By Jack Culpepper, USDA Forester
As part of the 2010 Longleaf Alliance Conference, I had the pleasure of visiting the Carolina Sandhills National Wildlife Refuge in McBee, SC on a beautiful October day. When I arrived, I heard the buzz of a sawmill across the forest basin. What an unusual sound I thought for one of America’s National Wildlife Refuges … a place where conservation is mission, yet as I would come to understand, America’s business of conserving and restoring the grand longleaf fire-forests of the south include what at first appear as opposing ideals. As I viewed a forest-harvest operation and all its equipment, and listened to the sound of the sawmill, I wondered how could we be conserving this ecosystem while cutting and sawing trees?
With the sawmill buzzing in the background, a tall cleanly-dressed forester caught my attention as he explained that the huge modern-day equipment that stretched out before us was being used to selectively harvest the less vigorous and diseased trees from a 45-year old longleaf pine stand, and that these actions promoted natural conditions that exist within mature longleaf forests; furthermore, he noted that the proceeds from this timber would be used to acquire land that would become a permanent addition to the refuge, and thereby be permanently conserved for future generation of Americans. It sounded too good to be true to be trading weakened and diseased timber for permanent conservation, but the continued growth of these forests provide exactly that … and more as I would soon learn.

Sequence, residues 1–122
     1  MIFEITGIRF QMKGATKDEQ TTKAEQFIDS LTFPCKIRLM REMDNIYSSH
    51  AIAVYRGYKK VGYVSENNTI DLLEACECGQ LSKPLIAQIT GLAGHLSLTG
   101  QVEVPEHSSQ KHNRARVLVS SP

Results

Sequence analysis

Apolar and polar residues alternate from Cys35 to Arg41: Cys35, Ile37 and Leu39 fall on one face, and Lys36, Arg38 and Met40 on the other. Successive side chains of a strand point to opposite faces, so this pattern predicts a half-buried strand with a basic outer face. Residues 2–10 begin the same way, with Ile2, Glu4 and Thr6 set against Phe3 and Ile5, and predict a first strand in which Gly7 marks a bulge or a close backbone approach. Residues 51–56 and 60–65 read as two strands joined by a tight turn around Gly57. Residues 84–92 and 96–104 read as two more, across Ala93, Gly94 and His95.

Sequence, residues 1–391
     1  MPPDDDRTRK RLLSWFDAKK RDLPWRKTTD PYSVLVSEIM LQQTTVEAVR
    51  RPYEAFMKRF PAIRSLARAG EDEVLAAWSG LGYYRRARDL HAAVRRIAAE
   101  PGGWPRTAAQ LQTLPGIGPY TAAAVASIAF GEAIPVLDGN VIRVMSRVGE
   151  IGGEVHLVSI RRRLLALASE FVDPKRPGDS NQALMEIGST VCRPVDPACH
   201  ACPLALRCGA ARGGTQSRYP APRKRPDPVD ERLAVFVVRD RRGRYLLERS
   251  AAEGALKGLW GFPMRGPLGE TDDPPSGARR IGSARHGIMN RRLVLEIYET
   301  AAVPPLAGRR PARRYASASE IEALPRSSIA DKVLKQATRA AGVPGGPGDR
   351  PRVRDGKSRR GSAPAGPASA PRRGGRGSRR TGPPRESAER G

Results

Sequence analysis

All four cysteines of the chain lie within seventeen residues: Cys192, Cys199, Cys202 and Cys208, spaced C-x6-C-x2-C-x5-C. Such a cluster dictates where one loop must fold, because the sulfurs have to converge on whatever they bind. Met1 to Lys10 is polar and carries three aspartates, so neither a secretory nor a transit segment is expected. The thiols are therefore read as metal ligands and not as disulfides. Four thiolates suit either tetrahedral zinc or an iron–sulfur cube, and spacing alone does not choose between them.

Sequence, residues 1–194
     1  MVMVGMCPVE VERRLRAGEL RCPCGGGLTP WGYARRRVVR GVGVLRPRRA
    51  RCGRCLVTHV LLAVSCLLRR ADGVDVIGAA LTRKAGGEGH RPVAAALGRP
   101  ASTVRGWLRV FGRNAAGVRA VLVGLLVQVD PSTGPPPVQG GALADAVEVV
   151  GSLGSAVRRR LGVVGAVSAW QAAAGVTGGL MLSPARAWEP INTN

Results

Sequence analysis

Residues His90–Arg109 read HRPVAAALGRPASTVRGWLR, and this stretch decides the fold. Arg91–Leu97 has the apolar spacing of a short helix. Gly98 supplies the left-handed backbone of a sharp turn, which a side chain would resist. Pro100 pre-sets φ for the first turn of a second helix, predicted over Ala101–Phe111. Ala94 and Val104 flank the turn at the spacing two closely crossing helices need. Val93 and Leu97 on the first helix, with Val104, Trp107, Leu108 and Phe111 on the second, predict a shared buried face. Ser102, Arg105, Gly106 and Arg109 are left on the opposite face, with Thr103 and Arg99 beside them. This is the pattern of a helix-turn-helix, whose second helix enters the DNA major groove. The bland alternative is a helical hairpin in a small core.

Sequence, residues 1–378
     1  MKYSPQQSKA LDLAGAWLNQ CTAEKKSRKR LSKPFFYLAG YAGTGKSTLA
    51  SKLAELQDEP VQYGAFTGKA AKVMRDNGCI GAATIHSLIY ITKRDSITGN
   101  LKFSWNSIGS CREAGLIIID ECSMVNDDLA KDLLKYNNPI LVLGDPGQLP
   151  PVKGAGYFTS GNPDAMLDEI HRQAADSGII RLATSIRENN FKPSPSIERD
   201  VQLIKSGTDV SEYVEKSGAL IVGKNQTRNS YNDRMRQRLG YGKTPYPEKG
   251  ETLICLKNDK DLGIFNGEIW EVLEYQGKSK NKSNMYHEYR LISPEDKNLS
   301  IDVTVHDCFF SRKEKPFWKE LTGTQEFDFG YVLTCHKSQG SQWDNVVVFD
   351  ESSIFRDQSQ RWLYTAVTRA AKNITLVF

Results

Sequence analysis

I listened as the forester carefully explained how these selective thinnings manage the amount of sunlight that reaches the forest floor and thereby reestablish a varied herbaceous layer. The resultant grasses and forbs then join forces with the flammable needles and cones of the longleaf pine, and together perpetuate the fires that are the lifeblood of this ecosystem which maintain a broad diversity of life across the landscape. It was all very interesting, but my mind continued to be drawn to the buzz of the sawmill.
I would soon learn that the subject of this buzz was a large longleaf pine that I shall call George. George was 322 years old, yet even at this age, might have lived hundreds more. The gentle giant had fallen in the year of 2010 due to activities that had begun in the early 1900’s when George had been tapped for turpentine, a process that included the establishment of a box-cut at George’s base; this box-cut would fill with the plentiful resins that flowed in George’s cambium layers and be collected and used in a growing naval-stores industry of the south.